Aggravated damages

Aggravated damages
See also

Aggravated damages are designed to compensare the victim , which has treated in an arrogant and high-handed way by the person who committed that tort, for the distress suffered by her as a result of being treated in the way[1].

  1. The better, view we would submit, is that aggravated damages are awarded in order to assuage the anger and aouttage felt who has been treated in an arrogant and high-handed way by the person who commited that tort. On this view, aggravated damages are not a form of compensatory damages; they are not awarded in order to compensate the victim of a tort for any distress suffered, humiliation or insult.

The torts in respect of which aggravated damages may be awarded[edit]

It has been established that aggravated damages may be awarded gainst someone who has committed one of the following torts:

  1. assault or battery,
  2. false imprisonment,
  3. libel or slander,
  4. trespass to land,
  5. private nuisance,
  6. using unlawful means to harm another, deceit,
  7. malicious falsehood,
  8. malicious prosecution,
  9. unlawfully discriminating against another on grounds of race contrary to the Race Relations Act 1976 and unlawfully discriminating against another on grounds of sex contrary to the Sex Discrimination Act 1975.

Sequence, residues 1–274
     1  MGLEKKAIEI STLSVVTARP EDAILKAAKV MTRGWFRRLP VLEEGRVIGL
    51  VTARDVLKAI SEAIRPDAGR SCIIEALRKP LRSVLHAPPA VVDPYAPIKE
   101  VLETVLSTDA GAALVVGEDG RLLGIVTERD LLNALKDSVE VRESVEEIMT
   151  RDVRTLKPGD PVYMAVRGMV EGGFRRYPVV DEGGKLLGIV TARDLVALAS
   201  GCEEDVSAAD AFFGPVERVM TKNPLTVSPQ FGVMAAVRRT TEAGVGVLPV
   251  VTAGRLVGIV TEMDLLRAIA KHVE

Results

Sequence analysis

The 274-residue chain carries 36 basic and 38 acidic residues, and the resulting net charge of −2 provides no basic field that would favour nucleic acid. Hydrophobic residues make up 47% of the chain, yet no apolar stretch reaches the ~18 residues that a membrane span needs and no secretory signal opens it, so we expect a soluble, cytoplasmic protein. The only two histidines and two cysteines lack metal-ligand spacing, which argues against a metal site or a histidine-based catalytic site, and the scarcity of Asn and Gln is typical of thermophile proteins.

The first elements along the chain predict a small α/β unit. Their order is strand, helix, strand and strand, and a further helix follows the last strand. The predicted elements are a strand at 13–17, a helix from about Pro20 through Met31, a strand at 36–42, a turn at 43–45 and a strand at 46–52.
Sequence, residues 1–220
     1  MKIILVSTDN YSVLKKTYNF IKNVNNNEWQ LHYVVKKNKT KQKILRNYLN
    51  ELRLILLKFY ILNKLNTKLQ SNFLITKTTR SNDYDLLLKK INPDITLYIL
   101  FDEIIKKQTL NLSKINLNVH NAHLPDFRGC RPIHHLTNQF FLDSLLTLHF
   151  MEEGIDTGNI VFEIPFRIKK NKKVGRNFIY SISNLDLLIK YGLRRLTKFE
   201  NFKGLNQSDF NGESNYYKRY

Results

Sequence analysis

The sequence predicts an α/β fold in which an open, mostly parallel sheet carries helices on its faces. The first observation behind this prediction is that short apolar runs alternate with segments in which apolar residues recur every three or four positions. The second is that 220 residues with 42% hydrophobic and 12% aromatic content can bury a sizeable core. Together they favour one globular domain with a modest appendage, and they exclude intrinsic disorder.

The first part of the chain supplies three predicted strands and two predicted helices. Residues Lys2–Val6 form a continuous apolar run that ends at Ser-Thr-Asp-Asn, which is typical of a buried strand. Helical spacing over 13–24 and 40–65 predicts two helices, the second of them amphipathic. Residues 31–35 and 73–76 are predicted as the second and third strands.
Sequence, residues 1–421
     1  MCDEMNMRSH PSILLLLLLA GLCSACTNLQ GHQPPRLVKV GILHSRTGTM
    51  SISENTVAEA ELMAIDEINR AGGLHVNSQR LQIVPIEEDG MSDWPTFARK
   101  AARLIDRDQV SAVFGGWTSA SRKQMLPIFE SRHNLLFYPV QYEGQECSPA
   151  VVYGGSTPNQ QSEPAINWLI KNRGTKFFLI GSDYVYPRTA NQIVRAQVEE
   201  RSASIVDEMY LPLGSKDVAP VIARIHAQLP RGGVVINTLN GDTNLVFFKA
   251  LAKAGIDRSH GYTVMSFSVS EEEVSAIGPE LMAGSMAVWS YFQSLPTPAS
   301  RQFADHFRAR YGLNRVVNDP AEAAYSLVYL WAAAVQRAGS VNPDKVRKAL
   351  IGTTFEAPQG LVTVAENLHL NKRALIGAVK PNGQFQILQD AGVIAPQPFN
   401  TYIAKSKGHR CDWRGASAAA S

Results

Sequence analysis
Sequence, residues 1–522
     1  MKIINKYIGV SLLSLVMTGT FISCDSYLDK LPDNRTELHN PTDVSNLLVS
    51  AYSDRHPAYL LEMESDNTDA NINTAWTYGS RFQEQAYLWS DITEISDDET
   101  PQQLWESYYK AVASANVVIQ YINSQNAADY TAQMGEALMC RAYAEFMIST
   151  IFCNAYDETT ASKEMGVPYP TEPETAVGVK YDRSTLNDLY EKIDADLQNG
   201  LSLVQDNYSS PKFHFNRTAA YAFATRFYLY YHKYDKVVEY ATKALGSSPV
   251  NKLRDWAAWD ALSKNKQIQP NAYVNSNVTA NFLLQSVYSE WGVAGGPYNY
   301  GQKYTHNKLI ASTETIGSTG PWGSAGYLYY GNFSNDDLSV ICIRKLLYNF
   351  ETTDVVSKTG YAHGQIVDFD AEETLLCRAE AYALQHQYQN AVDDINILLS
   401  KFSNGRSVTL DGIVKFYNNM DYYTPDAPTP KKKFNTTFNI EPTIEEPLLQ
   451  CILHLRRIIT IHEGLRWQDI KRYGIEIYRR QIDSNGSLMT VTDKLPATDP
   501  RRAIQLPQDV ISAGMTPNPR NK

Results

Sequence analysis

The tort action or omissions of a person contrary to the law or principles of social coexistence, causing damage.. It has also been established that aggravated damages may not be awarded in a negligance case. There seems no good reason why this should be so. In Kral McGrath, Woolf J explained that it would be wholly inappropriate to introduce into claims for negligence, the concept of aggravated damage[2].

Aggravated damages available for some statutory causes of action[edit]

Some statutes seem to leave open the possibility of aggravated damages for specific statutory breaches, as they leave open any remedy which a court may grant with respect to a tort. The a intellectual property statues mentioned previously empower courts to award 'additional damages' in the event of 'flagrant' breaches and it is likely that this encompasses aggravated damages. Indeed the courts analogise these awards of 'additional damages; to exemplary and aggravated damages at common law without distinguishing between the two[3].

To grant aggravated damages[edit]

Aggravated damages may be awarded if a plaintiff's injury has been made worse by conduct of the defendant- for example, if the defenndant's conduct has caused injury to the plaintiff's feelings by insult or humiliation. For example, in the case of defamation, aggravated damages may be awarded if the defamer fails or refuses to apologise or retract, or raises the defence of justification( that the defamatory matter was true) but cannot establish it. Aggravated damages are for compensation, and are sometimes referref to as "aggravated compensatory damages" to distinguish them from exemplary damages[4].

Footnotes[edit]

  1. Nicholas J. McBride, Roderick Bagshaw 2005, p.666
  2. Nicholas J. McBride, Roderick Bagshaw 2005, p.670
  3. Katy Barnett, Sirko Harder 2014, p.329
  4. Paul Latimer 2012, p.65

References[edit]

Author: Dominika Grzyb